Democratic Party president general Norbert Mao late last evening made an impassioned presentation in parliament, imploring the House committee looking at the age limit bill to stand with the people.
Mao appeared hours after Prime Minister Ruhakana Rugunda had found himself on the back-foot defending police brutality against the opposition.
He declared that the Igara West MP Raphael Magyezi private member’s bill is a creature of the 10th parliament which must be immediately withdrawn since “the people of Uganda have already expressed their discontent with it.”
“There is a trial in parliament… The accused is the Constitution. It stands accused of standing in the way of one man’s despotic ambitions,” he said.
“The chief complainant is President Yoweri Museveni … Leading the defence team is Leader of the Opposition in Parliament, Winnie Kiiza, marching at the head of a small army representing multitudes out there who have hitherto suffered silently, but have suddenly found their voice and have become increasingly loud and agitated. Those are the people you see wearing red ribbons.”
Mao said when his party launched the ‘Kogikwatako (should you dare touch it)’ campaign, the people responded unequivocally, telling MPs: ‘Togikwatako (don’t touch it)’.
“This campaign unleashed an electrical current of popular resistance aimed at opposing the removal of the last constitutional safeguard against life presidency. A great purpose is unfolding among the people. The expression of this purpose may at first appear hostile but in reality it is revitalising and renewing our resolve to rise above our past.”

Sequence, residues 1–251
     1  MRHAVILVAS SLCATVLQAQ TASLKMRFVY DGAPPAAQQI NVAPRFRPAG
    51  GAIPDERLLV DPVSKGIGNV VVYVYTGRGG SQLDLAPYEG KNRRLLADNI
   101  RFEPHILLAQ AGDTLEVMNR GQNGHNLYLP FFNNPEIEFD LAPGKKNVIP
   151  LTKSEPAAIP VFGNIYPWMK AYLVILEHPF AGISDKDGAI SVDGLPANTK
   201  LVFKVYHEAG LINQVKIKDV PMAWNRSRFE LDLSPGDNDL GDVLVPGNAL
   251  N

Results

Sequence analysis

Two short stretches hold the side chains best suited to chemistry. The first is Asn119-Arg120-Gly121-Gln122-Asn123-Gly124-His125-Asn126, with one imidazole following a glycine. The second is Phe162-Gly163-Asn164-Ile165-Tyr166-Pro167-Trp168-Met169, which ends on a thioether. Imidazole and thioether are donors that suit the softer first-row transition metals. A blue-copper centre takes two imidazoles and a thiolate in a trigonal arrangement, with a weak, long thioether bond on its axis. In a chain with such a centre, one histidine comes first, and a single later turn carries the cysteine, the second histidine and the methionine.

Mao said: “We are here as witnesses for the defence … We do not deny the charges levelled against our noble Constitution. The constitution stands guilty as charged because the intention of its framers was precisely what it was accused of, namely; to limit power, stand in the path of anyone with despotic ambitions and immunise our motherland against the epidemic of violence and unconstitutional changes of government."
During the morning session, MPs Muhammad Nsereko, Wilfred Niwagaba, and Ibrahim Ssemujju Nganda had asked Dr Rugunda to say why the police keeps beating up and firing tear gas and live bullets at the opposition.
Ever the pacifist, Rugunda said everyone should avoid provocation.
“I agree with Hon Nsereko that the police are for all Ugandans and there should be fairness… to ensure that all Ugandans are enjoying their constitutional rights,” he said.
Rugunda also denied that article 102(b) had been smuggled into the Constitution as insinuated by NRM’s deputy secretary general Richard Todwong last week.